The Myth of the 15-hour Work Week

Source: Pixabay

By: Marie Donlon

What would take an office worker an entire day to complete in 1970 would only take 1.5 hours today thanks to the digital revolution.

Advances in technology coupled with productivity improvements have made it possible for the average worker to complete tasks in significantly fewer hours than in the past.

This increase in productivity was even predicted by economist John Maynard Keynes, who suggested in 1930 that such improvements would lead to a 15-hour work week instead of the traditional 40-hour work week.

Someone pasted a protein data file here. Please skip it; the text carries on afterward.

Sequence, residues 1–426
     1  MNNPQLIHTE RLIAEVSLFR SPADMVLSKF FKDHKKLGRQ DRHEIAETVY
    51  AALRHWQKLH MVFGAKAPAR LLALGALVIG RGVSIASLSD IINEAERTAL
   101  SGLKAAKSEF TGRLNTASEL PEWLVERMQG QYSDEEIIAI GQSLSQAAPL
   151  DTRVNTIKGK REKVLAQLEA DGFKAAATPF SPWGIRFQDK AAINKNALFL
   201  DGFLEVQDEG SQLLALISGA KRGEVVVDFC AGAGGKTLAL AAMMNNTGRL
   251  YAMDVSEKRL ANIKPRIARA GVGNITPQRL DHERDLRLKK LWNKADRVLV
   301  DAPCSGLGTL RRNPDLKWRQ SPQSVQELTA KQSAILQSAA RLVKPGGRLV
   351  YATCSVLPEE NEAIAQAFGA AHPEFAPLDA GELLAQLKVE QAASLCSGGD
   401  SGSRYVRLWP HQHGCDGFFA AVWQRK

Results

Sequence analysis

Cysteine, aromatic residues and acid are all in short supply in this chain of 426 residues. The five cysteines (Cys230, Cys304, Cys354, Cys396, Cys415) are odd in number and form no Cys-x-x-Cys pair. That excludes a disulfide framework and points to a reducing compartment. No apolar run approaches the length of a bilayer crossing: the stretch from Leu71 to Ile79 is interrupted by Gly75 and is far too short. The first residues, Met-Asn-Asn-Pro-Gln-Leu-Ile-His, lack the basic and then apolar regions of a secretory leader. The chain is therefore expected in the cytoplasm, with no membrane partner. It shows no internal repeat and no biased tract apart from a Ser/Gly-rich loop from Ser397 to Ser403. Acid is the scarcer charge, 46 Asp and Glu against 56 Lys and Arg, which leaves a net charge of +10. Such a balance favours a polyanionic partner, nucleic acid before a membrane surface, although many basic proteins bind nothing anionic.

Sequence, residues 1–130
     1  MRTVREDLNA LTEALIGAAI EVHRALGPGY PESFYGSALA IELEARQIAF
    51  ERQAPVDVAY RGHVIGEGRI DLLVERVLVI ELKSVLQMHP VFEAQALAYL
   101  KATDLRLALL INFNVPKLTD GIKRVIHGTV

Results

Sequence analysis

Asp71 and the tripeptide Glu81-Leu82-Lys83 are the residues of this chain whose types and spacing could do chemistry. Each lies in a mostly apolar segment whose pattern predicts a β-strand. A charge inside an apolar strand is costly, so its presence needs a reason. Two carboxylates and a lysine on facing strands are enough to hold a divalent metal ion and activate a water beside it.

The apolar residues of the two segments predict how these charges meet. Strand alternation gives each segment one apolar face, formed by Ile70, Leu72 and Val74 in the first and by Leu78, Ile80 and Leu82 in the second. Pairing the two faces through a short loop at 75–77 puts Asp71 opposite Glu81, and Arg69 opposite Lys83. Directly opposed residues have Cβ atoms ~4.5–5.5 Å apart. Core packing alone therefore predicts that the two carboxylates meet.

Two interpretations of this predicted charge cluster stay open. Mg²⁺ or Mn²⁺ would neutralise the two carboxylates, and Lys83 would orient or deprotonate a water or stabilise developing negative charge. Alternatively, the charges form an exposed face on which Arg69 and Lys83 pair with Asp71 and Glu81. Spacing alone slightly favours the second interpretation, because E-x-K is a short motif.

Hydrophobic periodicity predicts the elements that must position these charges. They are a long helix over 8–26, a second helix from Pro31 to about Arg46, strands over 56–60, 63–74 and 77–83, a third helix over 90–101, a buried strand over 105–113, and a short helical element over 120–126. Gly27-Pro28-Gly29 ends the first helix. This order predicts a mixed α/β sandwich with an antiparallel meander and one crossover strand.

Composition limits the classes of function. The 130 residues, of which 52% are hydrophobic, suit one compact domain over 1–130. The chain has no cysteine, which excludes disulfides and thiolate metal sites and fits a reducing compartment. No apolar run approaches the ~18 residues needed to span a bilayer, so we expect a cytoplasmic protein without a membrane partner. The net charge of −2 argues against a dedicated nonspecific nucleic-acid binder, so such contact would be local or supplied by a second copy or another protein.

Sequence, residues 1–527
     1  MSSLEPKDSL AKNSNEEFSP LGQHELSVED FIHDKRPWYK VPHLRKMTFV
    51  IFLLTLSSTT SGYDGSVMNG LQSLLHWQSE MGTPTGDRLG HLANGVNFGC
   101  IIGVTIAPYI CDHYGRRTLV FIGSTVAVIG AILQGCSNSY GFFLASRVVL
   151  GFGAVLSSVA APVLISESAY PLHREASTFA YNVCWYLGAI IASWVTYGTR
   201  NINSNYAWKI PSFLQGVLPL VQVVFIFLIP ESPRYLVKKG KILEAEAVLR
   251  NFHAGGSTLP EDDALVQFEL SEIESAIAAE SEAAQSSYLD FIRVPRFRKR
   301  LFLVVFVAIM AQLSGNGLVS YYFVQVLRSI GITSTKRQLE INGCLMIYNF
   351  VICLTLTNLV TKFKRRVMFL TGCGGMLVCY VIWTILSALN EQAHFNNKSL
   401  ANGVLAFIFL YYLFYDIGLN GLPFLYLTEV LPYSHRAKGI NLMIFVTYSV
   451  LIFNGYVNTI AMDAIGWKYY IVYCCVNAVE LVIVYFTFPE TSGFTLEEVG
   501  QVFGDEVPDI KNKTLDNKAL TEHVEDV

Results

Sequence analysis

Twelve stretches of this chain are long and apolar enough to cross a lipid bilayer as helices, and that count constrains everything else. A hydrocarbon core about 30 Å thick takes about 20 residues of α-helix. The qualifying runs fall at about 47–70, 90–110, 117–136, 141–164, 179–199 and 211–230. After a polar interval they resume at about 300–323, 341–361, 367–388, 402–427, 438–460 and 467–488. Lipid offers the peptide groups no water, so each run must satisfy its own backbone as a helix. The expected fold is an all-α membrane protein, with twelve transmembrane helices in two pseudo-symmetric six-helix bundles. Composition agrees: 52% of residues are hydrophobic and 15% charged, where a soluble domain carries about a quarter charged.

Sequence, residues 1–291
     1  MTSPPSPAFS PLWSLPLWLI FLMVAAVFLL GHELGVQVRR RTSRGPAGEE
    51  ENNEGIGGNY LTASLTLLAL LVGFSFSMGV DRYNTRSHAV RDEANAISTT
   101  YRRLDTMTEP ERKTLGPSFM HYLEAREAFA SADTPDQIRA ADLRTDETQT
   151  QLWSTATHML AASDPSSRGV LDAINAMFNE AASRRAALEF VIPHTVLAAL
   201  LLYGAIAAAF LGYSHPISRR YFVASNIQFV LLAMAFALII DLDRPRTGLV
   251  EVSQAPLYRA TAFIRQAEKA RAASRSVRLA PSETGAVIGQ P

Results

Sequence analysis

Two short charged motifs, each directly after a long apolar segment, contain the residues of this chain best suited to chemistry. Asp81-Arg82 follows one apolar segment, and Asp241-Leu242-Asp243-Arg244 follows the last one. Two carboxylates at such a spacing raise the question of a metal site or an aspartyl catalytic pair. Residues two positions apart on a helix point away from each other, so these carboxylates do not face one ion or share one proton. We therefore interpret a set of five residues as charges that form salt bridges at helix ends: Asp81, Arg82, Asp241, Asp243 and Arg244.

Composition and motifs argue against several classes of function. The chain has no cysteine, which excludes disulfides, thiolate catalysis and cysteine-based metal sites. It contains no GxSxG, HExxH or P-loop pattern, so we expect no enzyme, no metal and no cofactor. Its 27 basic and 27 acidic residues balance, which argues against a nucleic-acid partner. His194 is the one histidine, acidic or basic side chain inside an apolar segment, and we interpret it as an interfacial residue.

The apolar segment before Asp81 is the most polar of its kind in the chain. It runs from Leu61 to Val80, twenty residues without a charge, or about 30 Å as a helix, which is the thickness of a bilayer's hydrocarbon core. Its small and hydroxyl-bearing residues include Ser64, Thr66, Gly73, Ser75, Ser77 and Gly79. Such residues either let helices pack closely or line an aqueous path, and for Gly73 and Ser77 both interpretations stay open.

So what happened?

In simple terms, the more productive a company becomes, the more a company increases the amount of business it does with the productivity gains being absorbed by the company’s bottom line.

In other words, greater productivity is met with demands for even greater productivity.

For other possible explanations about why we don’t work for 15 hours a week, click here.